“One thing I noticed when I was teaching my students is they have other siblings often that are also remote learning,” she said. “They often didn’t have a place to work and didn’t want to turn on their video or unmute because their siblings were right beside them with the volume up…A lot of times you don’t know what’s going on. A lot of kids won’t come off mute because they’re all in the same space and another sibling is beside them with the computer and my student doesn’t want that heard. With these desks, they can have their own area and that helps the situation. It has been heartwarming to see them take ownership of their new space, and clearly they all need it.”
MacLaughlin said he’s seen some tough situations during his delivery rounds and feels for the kids trying to learn in spaces that just aren’t optimal or are cramped.
“Most of the places I’ve delivered desks there is a clear need,” he said. “I delivered to an apartment and the student had us take it to their room and there were four mattresses on the floor and we wedged the desk between two mattresses and that’s where this student was learning and having school. It’s really tough. A lot of the parents think they have to bring it back. When we tell them their student can keep it forever, they get so emotional. So many people just want others to know their situation and to be able to talk about it with someone.”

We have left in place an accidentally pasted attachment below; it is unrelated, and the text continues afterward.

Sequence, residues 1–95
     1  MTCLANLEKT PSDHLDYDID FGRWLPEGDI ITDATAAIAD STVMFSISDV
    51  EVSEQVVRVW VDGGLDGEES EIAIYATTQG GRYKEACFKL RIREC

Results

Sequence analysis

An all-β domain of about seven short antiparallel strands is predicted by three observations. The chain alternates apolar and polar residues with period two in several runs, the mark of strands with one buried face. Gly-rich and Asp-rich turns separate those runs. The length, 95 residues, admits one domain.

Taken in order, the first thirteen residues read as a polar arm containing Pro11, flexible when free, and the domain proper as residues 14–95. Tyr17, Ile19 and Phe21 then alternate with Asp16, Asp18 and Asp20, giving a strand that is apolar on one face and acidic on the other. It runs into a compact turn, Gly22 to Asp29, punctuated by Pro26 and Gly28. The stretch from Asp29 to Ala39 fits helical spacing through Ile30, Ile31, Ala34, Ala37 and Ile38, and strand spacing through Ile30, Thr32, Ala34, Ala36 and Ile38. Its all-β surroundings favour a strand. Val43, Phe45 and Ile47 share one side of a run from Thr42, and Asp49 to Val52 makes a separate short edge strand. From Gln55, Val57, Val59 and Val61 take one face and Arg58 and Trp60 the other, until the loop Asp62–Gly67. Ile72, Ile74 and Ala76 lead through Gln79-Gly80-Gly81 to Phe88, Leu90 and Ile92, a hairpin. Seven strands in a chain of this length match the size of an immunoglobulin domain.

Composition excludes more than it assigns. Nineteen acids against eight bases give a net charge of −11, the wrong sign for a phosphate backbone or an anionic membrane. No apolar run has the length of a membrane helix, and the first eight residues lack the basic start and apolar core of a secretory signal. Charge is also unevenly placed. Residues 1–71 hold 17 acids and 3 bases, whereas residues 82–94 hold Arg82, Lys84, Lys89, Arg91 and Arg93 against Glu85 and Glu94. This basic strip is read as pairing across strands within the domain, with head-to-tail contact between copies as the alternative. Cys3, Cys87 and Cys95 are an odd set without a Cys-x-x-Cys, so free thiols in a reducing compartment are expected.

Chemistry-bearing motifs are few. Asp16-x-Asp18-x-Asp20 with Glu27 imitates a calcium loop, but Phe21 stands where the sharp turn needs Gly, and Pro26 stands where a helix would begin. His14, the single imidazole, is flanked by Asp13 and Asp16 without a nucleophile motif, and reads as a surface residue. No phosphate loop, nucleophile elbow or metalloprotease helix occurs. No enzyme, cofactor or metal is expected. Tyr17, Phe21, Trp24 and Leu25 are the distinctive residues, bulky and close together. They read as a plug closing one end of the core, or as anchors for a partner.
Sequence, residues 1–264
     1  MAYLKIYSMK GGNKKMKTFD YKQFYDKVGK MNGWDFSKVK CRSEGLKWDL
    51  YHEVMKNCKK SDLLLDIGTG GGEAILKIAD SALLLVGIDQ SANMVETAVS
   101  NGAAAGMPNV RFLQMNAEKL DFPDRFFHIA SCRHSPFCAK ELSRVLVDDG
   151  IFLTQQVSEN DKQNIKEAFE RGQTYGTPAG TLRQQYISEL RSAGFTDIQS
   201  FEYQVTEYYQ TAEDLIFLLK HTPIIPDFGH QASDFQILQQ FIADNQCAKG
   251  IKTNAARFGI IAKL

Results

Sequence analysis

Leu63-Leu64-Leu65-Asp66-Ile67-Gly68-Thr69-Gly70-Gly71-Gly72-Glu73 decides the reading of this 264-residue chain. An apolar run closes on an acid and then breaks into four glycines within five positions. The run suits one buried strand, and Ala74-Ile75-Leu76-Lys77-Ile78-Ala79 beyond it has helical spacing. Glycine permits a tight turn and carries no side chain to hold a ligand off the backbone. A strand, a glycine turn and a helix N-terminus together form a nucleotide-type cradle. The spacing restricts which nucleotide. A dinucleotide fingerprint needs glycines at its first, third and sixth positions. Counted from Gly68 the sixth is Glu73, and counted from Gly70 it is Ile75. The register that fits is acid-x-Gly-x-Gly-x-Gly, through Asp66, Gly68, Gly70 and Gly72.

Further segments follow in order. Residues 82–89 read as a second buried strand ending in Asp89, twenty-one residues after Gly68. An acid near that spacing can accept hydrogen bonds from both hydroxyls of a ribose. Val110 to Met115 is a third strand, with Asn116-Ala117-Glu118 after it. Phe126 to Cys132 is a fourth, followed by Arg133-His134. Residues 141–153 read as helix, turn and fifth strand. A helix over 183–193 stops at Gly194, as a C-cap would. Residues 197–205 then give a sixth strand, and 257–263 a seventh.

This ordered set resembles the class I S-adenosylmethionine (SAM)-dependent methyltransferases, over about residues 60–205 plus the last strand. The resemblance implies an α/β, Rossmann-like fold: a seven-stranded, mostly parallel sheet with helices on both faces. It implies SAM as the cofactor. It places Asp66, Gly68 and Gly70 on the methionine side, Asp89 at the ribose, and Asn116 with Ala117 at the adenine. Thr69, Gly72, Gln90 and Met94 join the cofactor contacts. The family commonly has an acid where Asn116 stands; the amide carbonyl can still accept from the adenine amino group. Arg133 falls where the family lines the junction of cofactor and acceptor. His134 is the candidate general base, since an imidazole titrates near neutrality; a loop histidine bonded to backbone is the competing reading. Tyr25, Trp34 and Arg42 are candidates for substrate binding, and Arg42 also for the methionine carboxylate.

Schiavo grew up in Everett, as did MacLaughlin, and both have worked for the City in their respective careers for several decades. In fact, both attended the Parlin School as kids, and both have been teachers at the Parlin as well – with MacLaughlin working as a teacher there a few years before landing on the Everett Fire Department. Both understand and know the Everett of yesteryear and the Everett of today – and it’s remarkably the same, they said, when there is a need to be addressed.
“It’s so much how we grew up in Everett,” said MacLaughlin. “Everett was always a blue-collar city. No one ever was in need and everyone always came together. If someone needed something, the whole neighborhood pitched in. That’s what you’re seeing happen here…Once you see someone’s reaction and feel the gratitude and enthusiasm, you just want to do it again.”
Said Schiavo, “It gives everyone such a great feeling when you’re helping people and helping students. Some have asked my what’s my angle and what I’m looking for with this. There is no angle. It’s about helping people. It’s such a great feeling that you want to keep going and we’ll keep going. We haven’t even started to touch our donations and we have so many other kids that would like to have a desk to work on.”
Any student in Everett Public Schools that needs a desk should reach out to their teacher, who will relay the message to Schiavo and MacLaughlin. From there, the logistics will be worked out with the teacher.
To donate to the effort, log on to https://givebutter.com/IJvhB8
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Retired Everett firefighter Joe MacLaughlin delivers desks to help kids learn from home.